FOXBORO, Mass. — LeGarrette Blount’s Pittsburgh Steelers tenure ended rather unceremoniously midway through the 2014 season. Eleven games, two rushing touchdowns, an arrest for marijuana possession and a pink slip.
But during the New England Patriots running back’s brief stay in the Steel City, Blount developed a friendship with Steelers back Le’Veon Bell that, according to Bell, remains strong to this day.
“We’re still very tight,” Bell said Wednesday in a conference call with New England media. “Me and him still talk a lot to this day. Obviously, he’s doing great things on the field. I watch his games, he watches my games, we still critique each other and talk about some of the things we did good, some of the things we did bad with one another.”
It’s easy to guess what “bad” thing Bell was talking about. After all, he was with Blount when a Ross Township (Penn.) police officer pulled their car over and unearthed a 20-gram bag of weed. The arrest resulted in a two-game suspension for Bell and a one-game ban for Blount, served at the start of the 2015 season.
“We talk about our games and stuff like that,” Bell continued, “and I think off the field, obviously, our relationship is still very tight, just like it was (in Pittsburgh). He’s obviously doing great things on the field. He’s doing a heck of a job running the football, and he did a great job of protecting the football when Tom Brady wasn’t playing and really filling in and stepping up. He’s been doing a lot of good things, so I’m looking forward to playing against him this week.”
Blount helped carry the Patriots’ offense during Brady’s four-game Deflategate suspension, going over 100 yards in Week 2 against the Miami Dolphins and again the following week against the Houston Texans.
Bell, whose Steelers host the Patriots this Sunday, was suspended for Pittsburgh’s first three games this season for missing a drug test. In the three games since his return, he’s amassed 440 all-purpose yards and ranks third in the NFL in yards per carry.
Some additional notes from Wednesday:
— Patriots special teams captain Matthew Slater announced him and his wife are hosting a fundraiser for those affected by Hurricane Matthew next Tuesday night at Splitsville at Patriot Place.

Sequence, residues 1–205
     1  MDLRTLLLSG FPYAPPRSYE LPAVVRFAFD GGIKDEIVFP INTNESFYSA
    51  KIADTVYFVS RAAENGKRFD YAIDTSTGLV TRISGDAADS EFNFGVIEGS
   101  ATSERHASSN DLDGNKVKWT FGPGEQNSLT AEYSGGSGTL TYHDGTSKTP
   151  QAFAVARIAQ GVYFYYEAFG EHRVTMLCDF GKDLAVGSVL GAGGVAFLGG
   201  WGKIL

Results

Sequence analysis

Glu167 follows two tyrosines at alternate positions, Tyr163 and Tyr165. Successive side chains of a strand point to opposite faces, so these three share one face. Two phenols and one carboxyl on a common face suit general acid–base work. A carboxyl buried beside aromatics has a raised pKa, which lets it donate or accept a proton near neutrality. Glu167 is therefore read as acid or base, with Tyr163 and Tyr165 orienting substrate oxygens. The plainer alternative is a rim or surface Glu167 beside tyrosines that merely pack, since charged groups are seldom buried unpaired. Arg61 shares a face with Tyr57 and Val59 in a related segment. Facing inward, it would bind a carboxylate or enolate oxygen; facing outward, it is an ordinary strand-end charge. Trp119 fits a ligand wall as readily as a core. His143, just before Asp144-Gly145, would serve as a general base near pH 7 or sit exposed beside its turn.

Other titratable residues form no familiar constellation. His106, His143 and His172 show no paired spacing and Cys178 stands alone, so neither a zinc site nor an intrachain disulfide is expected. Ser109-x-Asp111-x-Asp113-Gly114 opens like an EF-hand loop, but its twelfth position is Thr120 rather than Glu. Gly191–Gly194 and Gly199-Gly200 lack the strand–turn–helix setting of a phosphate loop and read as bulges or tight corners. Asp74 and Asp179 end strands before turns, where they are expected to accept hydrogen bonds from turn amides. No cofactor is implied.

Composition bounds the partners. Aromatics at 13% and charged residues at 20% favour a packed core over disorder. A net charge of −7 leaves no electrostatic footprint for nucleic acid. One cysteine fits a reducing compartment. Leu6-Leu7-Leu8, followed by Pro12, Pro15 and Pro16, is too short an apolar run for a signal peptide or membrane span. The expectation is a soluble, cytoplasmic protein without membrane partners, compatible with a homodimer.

The event, called “Matthew vs. Matthew,” will feature appearances from several Patriots players and several Pats-themed raffle items, with proceeds benefiting Samaritan’s Purse, an international relief organization.
“We have family in the Carolinas, and obviously living up here in the Boston area, we’ve met a lot of people that have ties to Haiti,” Slater said. “Hurricane Matthew has obviously had a devastating affect on a lot of people, so we wanted to do something that would provide some relief efforts for the people affected by it.”
For more information on the event, click here.
— Patriots safety Devin McCourty offered some interesting insight on the Steelers’ offense.
For instance, McCourty called Pittsburgh the best “gadget play” team in the NFL because of its ability to run trick plays with multiple different skill players.
“Because of how many good skill players they have, they do different things to get them the ball,” McCourty said. “A lot of times you play against a team where if they run reverses, it’ll usually be a ‘reverse guy.’ But you play against them, it could be (Sammie) Coates, it could be Antonio Brown, it could be (Darrius) Heyward-Bey. That’s what makes it tough: You don’t know who the gadget guy is going to be.
“They have so many good skill players that it could really be anybody. And that’s not even naming Le’Veon Bell in the backfield, who splits out at wide receiver and does a ton of those things. So I just think with the amount of good skill players, it makes it (the Steelers) the toughest, probably, team we’ve seen gadget play-wise, just because you just don’t know. On any given play, it could be any one of them.”
McCourty also broke down what separates Steelers starting quarterback Ben Roethlisberger, who will miss Sunday’s game after undergoing knee surgery, from backup Landry Jones.
“The ball will come out quicker, because there’s no one like Ben,” McCourty said. “Ben sits back there with two guys hanging on him, stiff-arms one, slides to the left, slides to the right, then throws the ball. You just don’t find many quarterbacks that can do that. The ball will come out quicker (with Jones) just from the standpoint that it’s hard to do what Ben does back there.”
Thumbnail photo via Stew Milne/USA TODAY Sports Images
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